It’s not the shooting or the finishing that’s the most intriguing thing about Weatherspoon’s game. In fact, it isn’t any one thing. It’s the combination of many.
“Versatility” is a bit of a buzzword in NBA chatter, but for good reason. Versatility is paramount to a winning NBA team, and it’s what the Spurs see in Weatherspoon.
“He’s a guy that always plays at his own pace,” Wright said. “And he has a feel for the game that you could see right away, where he’s versatile, can do a lot of things.”
The NBA today is an arms race for versatile players, and the Spurs found a weapon in Weatherspoon.
“As you look at the league, everybody’s trying to add as much versatility as they can,” Wright said. “And from the guard spot, he could play a little combo point guard, he could play the ‘2,’ he could guard a couple positions, he could dribble, pass and shoot. There really wasn’t much that he didn’t do well. … So we were really drawn to just how well-versed he was and how well-rounded he was as a player on both ends of the floor.”
Weatherspoon’s defense was overshadowed by his stellar offensive highlights in college, but as the eagle-eyed Hazan noticed when watching his now-client for the first time, Weatherspoon is a menace on that end of the floor. His frame – 6 feet, 4 inches with a 6-foot-9 wingspan – allows him to contain players on the ball and clog passing lanes off it.
And in Summer League, his dedication to playing hard, focused defense was on display.
Quinndary Weatherspoon hounding. pic.twitter.com/vDxTdKHJDo
— Ben Pfeifer (@Ben_Pfeifer_) July 2, 2019
For now, Weatherspoon’s focus is earning a role with the Spurs, and he knows consistent defense is a good way to get there sooner.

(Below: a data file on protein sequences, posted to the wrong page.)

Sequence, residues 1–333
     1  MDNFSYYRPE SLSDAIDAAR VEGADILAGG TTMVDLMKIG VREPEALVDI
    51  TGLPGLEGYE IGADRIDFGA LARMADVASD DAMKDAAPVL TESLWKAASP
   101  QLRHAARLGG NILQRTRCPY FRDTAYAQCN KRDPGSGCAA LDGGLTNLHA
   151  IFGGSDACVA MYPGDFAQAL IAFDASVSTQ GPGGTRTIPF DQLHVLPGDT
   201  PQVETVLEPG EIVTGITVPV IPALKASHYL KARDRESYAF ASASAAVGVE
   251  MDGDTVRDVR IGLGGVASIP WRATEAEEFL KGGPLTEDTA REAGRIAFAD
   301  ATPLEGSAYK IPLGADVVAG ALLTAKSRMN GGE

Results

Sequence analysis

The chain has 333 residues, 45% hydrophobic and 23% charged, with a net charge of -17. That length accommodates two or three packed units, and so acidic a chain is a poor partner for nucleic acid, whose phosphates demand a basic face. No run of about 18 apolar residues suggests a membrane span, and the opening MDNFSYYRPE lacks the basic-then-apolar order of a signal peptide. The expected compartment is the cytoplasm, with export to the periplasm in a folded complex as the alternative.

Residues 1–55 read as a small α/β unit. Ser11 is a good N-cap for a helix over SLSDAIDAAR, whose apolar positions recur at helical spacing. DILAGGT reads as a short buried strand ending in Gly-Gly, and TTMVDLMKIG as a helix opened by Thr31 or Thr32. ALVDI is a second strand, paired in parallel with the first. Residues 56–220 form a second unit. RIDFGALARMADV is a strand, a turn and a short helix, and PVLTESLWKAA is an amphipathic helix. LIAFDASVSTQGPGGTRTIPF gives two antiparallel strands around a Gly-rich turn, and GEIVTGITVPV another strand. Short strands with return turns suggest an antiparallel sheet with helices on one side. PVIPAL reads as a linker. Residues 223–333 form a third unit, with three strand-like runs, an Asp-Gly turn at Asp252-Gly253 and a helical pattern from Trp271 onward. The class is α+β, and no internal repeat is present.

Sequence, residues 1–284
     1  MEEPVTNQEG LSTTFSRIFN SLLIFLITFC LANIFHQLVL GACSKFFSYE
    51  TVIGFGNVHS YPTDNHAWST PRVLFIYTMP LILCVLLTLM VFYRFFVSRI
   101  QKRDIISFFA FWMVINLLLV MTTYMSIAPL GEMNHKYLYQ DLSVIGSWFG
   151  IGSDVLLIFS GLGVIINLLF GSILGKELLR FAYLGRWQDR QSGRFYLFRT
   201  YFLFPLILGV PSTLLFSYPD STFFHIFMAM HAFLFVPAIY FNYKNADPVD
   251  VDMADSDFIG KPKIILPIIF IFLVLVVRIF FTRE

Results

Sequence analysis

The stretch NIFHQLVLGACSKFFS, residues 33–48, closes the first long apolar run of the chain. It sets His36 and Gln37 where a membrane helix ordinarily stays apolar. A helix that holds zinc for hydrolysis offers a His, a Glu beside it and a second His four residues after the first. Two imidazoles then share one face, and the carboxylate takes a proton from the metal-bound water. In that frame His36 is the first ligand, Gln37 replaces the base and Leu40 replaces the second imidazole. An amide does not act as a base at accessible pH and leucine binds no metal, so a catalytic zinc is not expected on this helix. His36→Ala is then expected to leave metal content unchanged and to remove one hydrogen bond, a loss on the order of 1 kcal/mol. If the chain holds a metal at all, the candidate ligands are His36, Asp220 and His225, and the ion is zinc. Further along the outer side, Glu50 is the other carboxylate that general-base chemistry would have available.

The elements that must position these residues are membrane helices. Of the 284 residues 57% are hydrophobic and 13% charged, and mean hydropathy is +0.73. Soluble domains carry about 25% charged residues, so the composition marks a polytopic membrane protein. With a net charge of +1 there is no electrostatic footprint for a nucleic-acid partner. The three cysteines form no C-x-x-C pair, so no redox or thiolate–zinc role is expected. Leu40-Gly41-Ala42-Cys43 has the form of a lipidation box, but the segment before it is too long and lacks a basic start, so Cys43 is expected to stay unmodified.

“If you can defend, and [you] play defense, it’ll get you on the floor quickly, so it’s just doing the little things that I think will help,” Weatherspoon said.
Carving out a role with San Antonio probably won’t happen right away, however. The Spurs have a loaded backcourt rotation, with Derrick White, Lonnie Walker IV, Patty Mills, Bryn Forbes and Marco Belinelli all vying for minutes. And then there’s star swingman DeMar DeRozan, who mostly plays the “3” these days but still spent 20% of his minutes as a shooting guard last season, per Basketball Reference.
That the Spurs drafted Weatherspoon despite their surfeit of guards is certainly a vote of confidence, but the downside is that Weatherspoon was relegated to a two-way contract, meaning he’ll likely spend more time with the team’s G League affiliate Austin Spurs in Year 1 than he will in San Antonio.
But Weatherspoon doesn’t mind taking things slow.
“When I’m in Austin or when I’m in San Antonio, [I’m] just trying to find a way to get better and find my niche with the team to help them win,” he said.
The NBA is a grind, and the adjustment to that life is often a difficult one for players, but it’s coming easily to Weatherspoon so far.
“I don’t really do too much anyway,” he said with a laugh. “I’m really laid back and lowkey. It’s kind of coming naturally, and I’m able to adjust to it easily because I don’t really do much but work out.”
Hazan and Weatherspoon have ventured a long way together. And on draft night, they reached an important port of call. But getting drafted isn’t the end of Weatherspoon’s story, and getting one client selected isn’t the end of Hazan’s. For both, this is closer to the beginning of a journey.
Looking at the two men on draft night, the flashy New York businessman letting out an exhilarated scream and the humble, stone-faced kid from Canton couldn’t be much more different. But they’re both exceptionally talented, hard-working wunderkinds. They both found their ways into the basketball world – and to each other. And they both have blindingly bright futures.
Together, they are a formidable team.